The Quadrennial Energy Review that the U.S. Department of Energy issued on April 21 describes the state of the nation's energy infrastructure. Part 1 of this post challenged public and private investors to build infrastructure for a 21st century clean energy economy rather than repairing and expanding infrastructure designed for fossil fuels. Part 2 describes how the evolution of a clean energy economy is putting increased pressure conventional electric utilities and their regulators.
When Elon Musk introduced the latest in battery technology last week, it was a Steve Jobs moment. Musk wants to do for energy technology what Jobs did for information technology: Revolutionize it.
In an auditorium whose lights and media equipment were powered by sunlight stored in his latest invention, Musk unveiled wall-mounted and surprisingly affordable battery packs as elegant-looking as Apple's iPhone (see the unit in the photo with one of Musk's electric vehicles). They even come in a choice of colors.
The electric battery was invented more than 200 years ago. In modern times, it has been the weak link in applications such as electric vehicles and energy storage; by most accounts the technology still has a distance to go before it is optimized for applications like these. Musk's vision is to allow households and communities to become as independent from the aging electric grid as smart-phone users are from landlines. In customary big-think, he says that two billion of the devices could eliminate the world's use of carbon fuels, slow down climate change and give reliable electric power to people in less-developed countries.
Last week's rollout was a happy event for renewable energy enthusiasts, but it was another rude reminder for America's electric utilities and regulators that their business and regulatory models lag years behind our rapidly emerging clean energy technologies. It's as though Musk unveiled a new automobile that can travel safely at 250 miles an hour while the nation's speed limits are stuck at 55. Innovation is not going to slow down so regulators can catch up.
Some of the challenges that utility regulators face can be described with several terms that are familier in policy circles.
The first term is load defection. It is what occurs when customers put solar panels on their roofs to produce more of their own electricity and buy less of it from their utility. These distributed solar systems grew more than 400 percent between 2010 and 2014 according to the Energy Information Administration. Solar homes usually use the conventional grid as backup when the sun doesn't shine; in many states, homeowners can sell or "net meter" excess power back to their utilities when they produce more than they use.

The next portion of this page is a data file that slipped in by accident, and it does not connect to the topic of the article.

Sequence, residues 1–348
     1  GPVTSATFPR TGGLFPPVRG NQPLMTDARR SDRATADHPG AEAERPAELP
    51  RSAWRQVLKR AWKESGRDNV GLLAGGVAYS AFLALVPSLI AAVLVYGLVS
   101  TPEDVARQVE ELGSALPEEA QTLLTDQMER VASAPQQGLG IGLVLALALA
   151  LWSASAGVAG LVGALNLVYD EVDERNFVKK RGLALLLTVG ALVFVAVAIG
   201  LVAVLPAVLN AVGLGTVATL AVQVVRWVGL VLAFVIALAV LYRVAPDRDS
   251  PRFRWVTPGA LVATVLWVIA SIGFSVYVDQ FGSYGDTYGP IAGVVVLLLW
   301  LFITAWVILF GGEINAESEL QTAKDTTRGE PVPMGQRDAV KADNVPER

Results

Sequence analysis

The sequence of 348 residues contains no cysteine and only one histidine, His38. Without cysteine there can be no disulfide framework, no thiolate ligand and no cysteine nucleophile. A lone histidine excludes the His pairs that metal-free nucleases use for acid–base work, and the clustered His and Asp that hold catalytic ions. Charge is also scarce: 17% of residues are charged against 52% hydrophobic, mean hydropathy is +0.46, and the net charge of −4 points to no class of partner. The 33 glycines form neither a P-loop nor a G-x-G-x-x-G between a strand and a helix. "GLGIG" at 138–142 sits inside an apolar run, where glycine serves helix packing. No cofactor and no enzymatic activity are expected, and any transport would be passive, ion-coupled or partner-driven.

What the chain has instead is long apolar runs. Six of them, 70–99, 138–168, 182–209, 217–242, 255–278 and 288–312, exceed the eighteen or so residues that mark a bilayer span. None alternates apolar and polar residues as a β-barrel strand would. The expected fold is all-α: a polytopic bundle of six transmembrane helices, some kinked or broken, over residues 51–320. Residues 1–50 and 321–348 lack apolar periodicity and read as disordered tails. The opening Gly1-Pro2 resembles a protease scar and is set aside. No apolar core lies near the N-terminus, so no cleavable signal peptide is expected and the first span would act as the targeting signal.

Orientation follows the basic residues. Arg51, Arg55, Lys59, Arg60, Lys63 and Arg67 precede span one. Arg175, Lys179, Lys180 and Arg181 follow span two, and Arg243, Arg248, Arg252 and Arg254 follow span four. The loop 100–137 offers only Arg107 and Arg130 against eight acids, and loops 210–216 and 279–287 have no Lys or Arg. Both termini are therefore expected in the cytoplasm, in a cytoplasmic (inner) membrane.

An even more disruptive development is grid defection. Batteries that do a good job storing power are one of the advances that will enable households and communities to divorce themselves entirely from the conventional electric system. Navigant Research reports there is growing interest in micro-grids -- small electric generation and distribution systems that can allow a community or large institution to separate from the utility system during a power outage, or to become completely independent of the grid. Navigant predicts the micro-grid market will grow to $20 billion by 2020.
A third issue has to do with stranded assets in the fossil energy sector. These are assets that end up unused and investments whose returns are not fully realized. An example of stranded assets are coal plants that shut down before the end of their useful lives because they cannot compete with cleaner fuels like natural gas, or because of the cost to comply with regulatory constraints on pollution.
Investments in oil and gas wells, pipelines and related infrastructure could become stranded if it becomes necessary to limit fossil energy production to prevent climate change from growing worse. Investments in new electric transmission and distribution lines could become stranded by a proliferation of micro-grids and distributed power generation.
The flip side of stranded assets is committed carbon. If we were to build new pipelines and fossil-fired power plants and insist on using them until the end of their design lives, they lock us in to future carbon pollution unless acceptable technical solutions such as carbon capture and sequestration can be devised.
Dealing with these trends and issues requires forward thinking by investors, power companies, legislatures and regulators. That is difficult because we do not have a consensus national energy plan to provide reasonable certainty about which investments will pay off. Investment also would be safer if Congress established a price on carbon pollution to give accurate market signals about which resources and technologies are most competitive in a carbon-constrained world. It seems unlikely we will get these tools in today's political environment, but without them we will see more false starts, more wasted money and more committed carbon in the years ahead. In a more rational world, the hundreds of billions of dollars we must spend to modernize America's energy systems would not only accommodate the clean energy revolution; they would empower it.
Our old electric power system has been called the greatest engineering achievement of the 20th century. The innovations by the many ingenious pioneers of the past contributed to a remarkable system that delivers modern electricity to virtually every part of America. The reinvention of that system, led by a new generation of pioneers, has the potential to become one of the greatest engineering achievements of the 21st century. But only if we are smart enough to let it happen.
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